community flourished from the early 1900s until June 1, 1921. That's
when the largest massacre of non-military Americans in the history of
this country took place, and it was lead by the Ku Klux Klan. Imagine
walking out of your front door and seeing 1,500 homes being burned. It
must have been amazing.
Survivors we interviewed think that the whole thing was planned because
during the time that all of this was going on, white families with their
children stood around on the borders of the community and watched the
massacre, the looting and everything---much in the same manner they
would watch a lynching.
In my lectures I ask people if they understand where the word "picnic"
comes from. It was typical to have a picnic on a Friday evening in
Oklahoma. The word was short for "pick a nigger" to lynch. They would
lynch a Black male and cut off body parts as souvenirs. This went on
every weekend in this country. That's where the term really came from.
The riots weren't caused by anything Black or white. It was caused by
jealousy. A lot of white folks had come back from World War I and they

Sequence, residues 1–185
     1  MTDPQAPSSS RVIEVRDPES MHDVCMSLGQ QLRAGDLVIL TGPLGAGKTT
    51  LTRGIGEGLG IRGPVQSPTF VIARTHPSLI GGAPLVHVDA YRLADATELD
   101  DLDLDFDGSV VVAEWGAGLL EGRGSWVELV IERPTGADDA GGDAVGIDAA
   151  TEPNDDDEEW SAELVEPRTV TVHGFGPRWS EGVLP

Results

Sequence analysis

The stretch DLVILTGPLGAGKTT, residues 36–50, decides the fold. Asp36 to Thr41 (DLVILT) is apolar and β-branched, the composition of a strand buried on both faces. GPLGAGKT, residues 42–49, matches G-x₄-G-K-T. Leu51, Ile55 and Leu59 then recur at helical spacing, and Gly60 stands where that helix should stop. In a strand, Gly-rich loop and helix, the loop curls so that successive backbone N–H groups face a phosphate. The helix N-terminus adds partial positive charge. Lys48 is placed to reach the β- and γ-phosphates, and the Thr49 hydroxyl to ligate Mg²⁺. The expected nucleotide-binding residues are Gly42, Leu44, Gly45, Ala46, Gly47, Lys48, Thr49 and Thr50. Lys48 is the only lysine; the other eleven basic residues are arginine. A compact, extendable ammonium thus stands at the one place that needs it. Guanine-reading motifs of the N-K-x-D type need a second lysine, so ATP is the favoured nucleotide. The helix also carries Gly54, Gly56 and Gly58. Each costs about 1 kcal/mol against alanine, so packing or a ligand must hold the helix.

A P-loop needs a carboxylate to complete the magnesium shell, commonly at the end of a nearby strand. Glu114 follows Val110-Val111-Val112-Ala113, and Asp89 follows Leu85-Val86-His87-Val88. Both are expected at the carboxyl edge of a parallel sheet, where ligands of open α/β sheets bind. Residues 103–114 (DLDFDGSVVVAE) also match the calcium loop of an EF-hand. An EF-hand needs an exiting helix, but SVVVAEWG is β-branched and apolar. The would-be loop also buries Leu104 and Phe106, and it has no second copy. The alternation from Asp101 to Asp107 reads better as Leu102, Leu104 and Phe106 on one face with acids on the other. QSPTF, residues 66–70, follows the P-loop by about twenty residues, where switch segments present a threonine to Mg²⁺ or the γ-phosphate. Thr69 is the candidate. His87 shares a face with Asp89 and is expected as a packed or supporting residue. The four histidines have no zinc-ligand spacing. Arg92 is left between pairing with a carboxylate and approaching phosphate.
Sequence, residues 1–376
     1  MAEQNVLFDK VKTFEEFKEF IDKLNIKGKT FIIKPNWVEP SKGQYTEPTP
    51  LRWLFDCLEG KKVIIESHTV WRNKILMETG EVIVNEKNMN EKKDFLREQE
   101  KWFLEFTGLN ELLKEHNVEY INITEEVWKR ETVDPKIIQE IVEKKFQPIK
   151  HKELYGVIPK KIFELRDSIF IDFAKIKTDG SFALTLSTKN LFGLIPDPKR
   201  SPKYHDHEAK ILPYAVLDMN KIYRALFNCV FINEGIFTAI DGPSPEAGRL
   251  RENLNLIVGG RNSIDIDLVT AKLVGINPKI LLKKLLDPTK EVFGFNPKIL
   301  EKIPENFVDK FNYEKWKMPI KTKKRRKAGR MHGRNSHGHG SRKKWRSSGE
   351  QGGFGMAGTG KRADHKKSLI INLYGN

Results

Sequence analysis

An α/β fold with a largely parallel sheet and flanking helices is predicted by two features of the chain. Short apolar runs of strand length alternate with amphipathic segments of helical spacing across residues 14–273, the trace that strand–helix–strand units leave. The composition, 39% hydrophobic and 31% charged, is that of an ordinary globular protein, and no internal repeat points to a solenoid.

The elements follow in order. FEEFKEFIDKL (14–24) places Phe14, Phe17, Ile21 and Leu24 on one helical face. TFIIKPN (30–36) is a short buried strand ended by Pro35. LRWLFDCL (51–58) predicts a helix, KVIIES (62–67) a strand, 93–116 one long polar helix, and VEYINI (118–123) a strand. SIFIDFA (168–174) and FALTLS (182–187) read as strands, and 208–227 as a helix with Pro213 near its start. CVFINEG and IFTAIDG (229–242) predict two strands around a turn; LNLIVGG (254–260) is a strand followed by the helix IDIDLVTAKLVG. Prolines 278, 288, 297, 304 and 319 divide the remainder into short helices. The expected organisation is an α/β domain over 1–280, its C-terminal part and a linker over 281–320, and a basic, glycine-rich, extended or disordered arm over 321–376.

were poor. When they looked over into the Black communities and realized
that Black men who fought in the war had come home heroes that helped
trigger the destruction. It cost the Black community everything, and not
a single dime of restitution---no insurance claims-has been awarded to
the victims to this day.
Nonetheless, they rebuilt. We estimate that 1,500 to 3,000 people were
killed, and we know that a lot of them were buried in mass graves all
around the city. Some were thrown in the river. As a matter of fact, at
21st Street and Yale Avenue, where there now stands a Sears parking lot,
that corner used to be a coal mine. They threw a lot of the bodies into
the shafts. Black Americans don't know about this story because we don't
apply the word holocaust to our struggle. Jewish people use the word
holocaust all the time. White people use the word holocaust. It's
politically correct to use it. But when we Black folks use the word,
people think we're being cry babies or that we're trying to bring up old
issues. No one comes to our support. In 1910, our forefathers and
mothers owned 13 million acres of land at the height of racism in this